There are a few reasons why you might have been charged - please see below. See your billing history by logging in to your account.
Free trials are limited to one per customer, so signing up for an additional free trial may create a fresh account which bills immediately.
Napster may check the validity of your credit card by using an authorization hold, which is a temporary dollar amount which looks like a charge (but isn't). Your credit card company controls the amount of time it takes to release the hold. The hold may temporarily reduce the amount of available credit on your card.
Napster charges a monthly fee per subscription. Sometimes, users have signed up for accounts with different email addresses. If you see more than one monthly charge on your credit card, you may have more than one Napster subscription. See this article for steps on canceling Napster.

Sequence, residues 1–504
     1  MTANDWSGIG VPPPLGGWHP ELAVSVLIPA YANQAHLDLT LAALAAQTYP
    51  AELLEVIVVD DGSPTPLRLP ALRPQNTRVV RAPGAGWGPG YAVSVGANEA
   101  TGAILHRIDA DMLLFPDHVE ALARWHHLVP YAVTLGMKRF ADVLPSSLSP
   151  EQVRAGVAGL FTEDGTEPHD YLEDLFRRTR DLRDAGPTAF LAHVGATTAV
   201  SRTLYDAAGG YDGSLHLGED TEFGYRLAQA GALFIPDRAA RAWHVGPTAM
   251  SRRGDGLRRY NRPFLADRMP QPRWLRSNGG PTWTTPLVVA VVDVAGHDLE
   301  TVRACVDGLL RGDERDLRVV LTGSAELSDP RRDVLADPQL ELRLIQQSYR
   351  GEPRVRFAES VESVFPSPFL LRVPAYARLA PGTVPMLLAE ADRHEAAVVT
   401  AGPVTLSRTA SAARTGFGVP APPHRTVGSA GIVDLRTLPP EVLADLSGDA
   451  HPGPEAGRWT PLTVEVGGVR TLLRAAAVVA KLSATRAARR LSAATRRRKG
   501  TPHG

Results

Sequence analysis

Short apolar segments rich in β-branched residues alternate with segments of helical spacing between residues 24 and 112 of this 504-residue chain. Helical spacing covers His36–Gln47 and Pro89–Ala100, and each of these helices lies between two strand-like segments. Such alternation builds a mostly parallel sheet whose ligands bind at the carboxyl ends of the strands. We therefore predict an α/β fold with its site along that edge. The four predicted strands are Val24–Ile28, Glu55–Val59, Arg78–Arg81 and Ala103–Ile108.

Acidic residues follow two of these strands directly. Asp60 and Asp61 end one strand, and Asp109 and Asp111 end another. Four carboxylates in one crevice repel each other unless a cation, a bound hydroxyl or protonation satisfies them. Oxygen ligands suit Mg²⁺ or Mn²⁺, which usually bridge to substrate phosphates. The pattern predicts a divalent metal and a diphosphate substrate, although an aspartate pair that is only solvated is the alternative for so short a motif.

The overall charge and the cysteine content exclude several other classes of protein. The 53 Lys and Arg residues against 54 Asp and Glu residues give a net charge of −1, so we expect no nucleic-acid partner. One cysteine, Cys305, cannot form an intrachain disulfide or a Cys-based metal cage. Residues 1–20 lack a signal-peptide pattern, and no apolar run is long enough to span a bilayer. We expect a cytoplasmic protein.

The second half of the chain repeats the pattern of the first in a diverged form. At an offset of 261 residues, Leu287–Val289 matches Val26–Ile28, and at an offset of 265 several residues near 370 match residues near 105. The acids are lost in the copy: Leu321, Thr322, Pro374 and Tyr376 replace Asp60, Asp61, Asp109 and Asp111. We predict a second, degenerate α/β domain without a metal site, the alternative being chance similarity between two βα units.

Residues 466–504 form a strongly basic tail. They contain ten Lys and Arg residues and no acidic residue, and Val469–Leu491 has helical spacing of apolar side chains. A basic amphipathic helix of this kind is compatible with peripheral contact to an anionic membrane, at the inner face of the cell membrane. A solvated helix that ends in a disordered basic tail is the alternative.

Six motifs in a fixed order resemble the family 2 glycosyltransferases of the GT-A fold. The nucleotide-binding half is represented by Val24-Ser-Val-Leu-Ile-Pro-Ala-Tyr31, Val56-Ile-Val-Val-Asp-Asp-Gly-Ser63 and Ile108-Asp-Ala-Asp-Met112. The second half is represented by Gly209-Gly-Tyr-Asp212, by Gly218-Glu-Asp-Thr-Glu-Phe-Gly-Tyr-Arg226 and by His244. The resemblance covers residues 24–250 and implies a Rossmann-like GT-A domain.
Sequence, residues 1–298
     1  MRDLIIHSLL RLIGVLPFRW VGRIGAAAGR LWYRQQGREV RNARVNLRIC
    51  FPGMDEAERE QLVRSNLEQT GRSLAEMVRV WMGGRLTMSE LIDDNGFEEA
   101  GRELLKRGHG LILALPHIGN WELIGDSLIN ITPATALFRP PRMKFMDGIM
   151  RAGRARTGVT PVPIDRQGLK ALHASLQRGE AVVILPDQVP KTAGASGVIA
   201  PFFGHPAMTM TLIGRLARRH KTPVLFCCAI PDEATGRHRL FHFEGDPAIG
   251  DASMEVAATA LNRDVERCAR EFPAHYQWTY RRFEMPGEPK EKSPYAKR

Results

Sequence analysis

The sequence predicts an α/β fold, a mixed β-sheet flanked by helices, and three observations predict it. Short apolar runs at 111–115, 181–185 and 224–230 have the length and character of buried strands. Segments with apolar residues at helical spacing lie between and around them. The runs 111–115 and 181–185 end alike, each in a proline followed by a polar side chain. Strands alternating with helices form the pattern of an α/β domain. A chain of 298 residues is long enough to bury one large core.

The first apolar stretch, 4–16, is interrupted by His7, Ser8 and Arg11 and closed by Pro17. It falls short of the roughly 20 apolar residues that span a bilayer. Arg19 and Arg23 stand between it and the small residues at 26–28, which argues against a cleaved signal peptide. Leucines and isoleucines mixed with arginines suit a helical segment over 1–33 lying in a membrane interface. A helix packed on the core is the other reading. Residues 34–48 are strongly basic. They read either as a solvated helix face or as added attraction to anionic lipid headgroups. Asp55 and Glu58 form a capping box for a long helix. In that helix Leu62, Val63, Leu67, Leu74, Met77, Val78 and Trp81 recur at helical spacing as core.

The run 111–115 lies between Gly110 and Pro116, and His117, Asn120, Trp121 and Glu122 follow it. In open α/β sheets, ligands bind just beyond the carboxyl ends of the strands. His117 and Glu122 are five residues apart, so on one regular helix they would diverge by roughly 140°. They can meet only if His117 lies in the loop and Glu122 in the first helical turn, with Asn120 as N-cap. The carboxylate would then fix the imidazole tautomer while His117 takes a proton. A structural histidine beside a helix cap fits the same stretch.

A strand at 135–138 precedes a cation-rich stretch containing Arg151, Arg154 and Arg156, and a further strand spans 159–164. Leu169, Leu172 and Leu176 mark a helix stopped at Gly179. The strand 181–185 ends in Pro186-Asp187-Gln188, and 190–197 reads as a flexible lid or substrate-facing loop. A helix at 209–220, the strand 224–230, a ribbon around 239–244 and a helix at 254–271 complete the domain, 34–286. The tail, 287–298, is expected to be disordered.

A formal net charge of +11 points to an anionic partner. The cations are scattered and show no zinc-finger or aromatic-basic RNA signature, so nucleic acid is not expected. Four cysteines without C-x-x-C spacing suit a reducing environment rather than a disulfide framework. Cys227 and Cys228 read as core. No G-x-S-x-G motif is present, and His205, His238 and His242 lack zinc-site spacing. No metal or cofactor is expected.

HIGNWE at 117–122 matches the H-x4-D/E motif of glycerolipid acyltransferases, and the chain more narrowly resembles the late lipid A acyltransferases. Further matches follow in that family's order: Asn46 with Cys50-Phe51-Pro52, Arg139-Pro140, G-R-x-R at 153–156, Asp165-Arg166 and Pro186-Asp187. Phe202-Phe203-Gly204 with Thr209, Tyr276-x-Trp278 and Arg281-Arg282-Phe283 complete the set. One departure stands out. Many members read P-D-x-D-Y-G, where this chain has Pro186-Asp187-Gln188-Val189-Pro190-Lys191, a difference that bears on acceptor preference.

When you signed up for the free trial, we might have asked you for a credit card number. If you didn't cancel before the end of that free trial, we automatically bill you for the subscription fee after the trial ends. Free trials that require a credit card automatically convert to paying accounts unless canceled before the trial period ends.
A temporary line item may appear on your credit card if you change from one subscription level to another. However, you have not been charged twice. If you move to a lower priced subscription, you will receive a prorated credit. If you move to a higher priced subscription, you will be charged the difference.